Bundesarchiv Bild 146II-277, Albert Speer-0

Gustav Georg Friedrich Maria Krupp von Bohlen und Halbach, nicknamed "Taffi", (7 August 1870 – 16 January 1950) ran the German Friedrich Krupp AG heavy industry conglomerate from 1909 until 1941. He and his son Alfried would lead the company through two world wars, producing almost everything for the German war machine from U-boats, battleships, howitzers, trains, railway guns, machine guns, cars, tanks, and much more. Krupp produced the Tiger I tank, Big Bertha, the Paris Gun, among other inventions under Gustav. He was indicted for prosecution at the 1945 Nuremberg trials, but the charges were dropped because of his failing health.[1]


  • 1 Early life
  • 2 World War I
  • 3 Interwar years
  • 4 World War II
  • 5 Nuremberg Trials
  • 6 Death
  • 7 Family

Gustav Krupp von Bohlen und Halbach was born Gustav von Bohlen und Halbach in The Hague in 1870.[2] He was a grandson of Henry Bohlen and related to Charles E. Bohlen and Karoline of Wartensleben. He married Bertha Krupp in October 1906. Bertha had inherited her family's company in 1902 at age 16 when her father, Friedrich Krupp, committed suicide.[3] German Emperor Kaiser William II personally led a search for a suitable spouse for Bertha, as it was considered unthinkable for the Krupp empire to be headed by a woman. Gustav was picked from his previous post at the Vatican.[3][4]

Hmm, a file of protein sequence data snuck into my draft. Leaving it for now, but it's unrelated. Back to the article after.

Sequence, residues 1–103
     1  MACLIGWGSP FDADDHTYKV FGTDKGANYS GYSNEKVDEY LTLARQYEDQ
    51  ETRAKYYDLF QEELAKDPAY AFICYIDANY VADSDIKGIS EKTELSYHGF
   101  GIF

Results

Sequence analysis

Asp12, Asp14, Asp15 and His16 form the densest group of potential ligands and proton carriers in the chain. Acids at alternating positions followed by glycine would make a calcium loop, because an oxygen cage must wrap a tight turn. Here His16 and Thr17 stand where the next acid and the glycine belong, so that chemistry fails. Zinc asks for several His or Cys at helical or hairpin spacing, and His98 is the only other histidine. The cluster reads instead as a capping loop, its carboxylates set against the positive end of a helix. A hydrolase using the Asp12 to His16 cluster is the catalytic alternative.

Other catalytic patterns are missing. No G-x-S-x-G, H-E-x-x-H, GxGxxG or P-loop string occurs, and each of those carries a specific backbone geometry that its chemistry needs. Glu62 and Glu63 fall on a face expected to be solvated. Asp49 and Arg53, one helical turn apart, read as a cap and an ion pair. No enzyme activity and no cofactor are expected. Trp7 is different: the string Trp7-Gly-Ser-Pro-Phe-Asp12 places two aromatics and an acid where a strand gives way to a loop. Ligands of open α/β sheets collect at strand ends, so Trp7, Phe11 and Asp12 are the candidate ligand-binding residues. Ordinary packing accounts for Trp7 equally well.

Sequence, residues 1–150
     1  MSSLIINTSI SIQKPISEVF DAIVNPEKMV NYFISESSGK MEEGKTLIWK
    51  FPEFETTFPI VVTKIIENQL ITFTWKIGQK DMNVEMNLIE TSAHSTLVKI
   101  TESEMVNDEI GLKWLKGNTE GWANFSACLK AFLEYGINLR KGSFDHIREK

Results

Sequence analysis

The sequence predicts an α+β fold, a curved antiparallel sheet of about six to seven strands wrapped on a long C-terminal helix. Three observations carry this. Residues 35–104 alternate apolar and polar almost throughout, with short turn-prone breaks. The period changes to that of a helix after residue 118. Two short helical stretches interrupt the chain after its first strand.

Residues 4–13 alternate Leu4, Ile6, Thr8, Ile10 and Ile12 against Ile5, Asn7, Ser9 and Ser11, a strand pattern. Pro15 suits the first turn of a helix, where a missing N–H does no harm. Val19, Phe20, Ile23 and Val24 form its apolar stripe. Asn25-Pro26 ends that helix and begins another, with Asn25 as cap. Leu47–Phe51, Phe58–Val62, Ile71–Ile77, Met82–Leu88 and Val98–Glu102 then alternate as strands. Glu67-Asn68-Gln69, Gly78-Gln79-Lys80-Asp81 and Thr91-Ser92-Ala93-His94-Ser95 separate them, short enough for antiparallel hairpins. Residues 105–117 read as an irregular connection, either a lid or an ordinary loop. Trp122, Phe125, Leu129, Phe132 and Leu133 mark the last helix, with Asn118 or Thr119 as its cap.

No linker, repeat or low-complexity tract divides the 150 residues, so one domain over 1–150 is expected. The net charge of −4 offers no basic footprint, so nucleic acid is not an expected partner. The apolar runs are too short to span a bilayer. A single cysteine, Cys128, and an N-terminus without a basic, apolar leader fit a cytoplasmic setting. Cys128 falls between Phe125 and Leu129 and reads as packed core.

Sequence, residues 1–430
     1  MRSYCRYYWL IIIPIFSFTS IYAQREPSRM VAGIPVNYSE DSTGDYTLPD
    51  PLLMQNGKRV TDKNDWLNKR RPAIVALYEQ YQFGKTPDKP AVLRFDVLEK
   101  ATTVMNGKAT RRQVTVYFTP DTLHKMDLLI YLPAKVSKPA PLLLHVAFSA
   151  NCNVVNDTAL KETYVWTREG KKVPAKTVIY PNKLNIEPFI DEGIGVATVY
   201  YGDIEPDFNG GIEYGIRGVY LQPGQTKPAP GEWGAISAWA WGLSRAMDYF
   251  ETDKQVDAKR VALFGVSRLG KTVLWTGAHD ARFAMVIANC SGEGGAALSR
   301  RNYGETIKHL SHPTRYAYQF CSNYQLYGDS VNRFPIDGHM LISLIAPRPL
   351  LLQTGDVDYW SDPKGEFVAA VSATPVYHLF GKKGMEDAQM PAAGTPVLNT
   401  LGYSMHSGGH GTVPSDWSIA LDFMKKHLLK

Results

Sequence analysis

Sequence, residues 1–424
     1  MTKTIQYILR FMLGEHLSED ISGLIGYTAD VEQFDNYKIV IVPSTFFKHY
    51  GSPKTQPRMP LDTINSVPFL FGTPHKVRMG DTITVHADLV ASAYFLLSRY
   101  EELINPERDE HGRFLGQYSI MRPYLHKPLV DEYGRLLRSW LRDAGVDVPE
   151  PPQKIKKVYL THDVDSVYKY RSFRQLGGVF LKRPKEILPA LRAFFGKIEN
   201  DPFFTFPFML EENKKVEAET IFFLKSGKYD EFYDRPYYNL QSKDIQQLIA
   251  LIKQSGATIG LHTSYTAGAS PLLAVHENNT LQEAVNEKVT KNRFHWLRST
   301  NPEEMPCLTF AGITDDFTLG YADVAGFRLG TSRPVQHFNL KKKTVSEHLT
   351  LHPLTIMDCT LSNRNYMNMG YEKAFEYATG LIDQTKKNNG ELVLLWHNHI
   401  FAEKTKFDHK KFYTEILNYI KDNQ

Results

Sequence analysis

The Kaiser announced at the wedding that Gustav would be allowed to add

the Krupp name to his own. Gustav became company chairman in 1909.[3]

After 1910, the Krupp company became a member and major funder of the Pan-German League (Alldeutscher Verband) which mobilised popular support in favour of two army bills, in 1912 and 1913, to raise Germany's standing army to 738,000 men.

World War I

The Krupp Armament-Works, 1915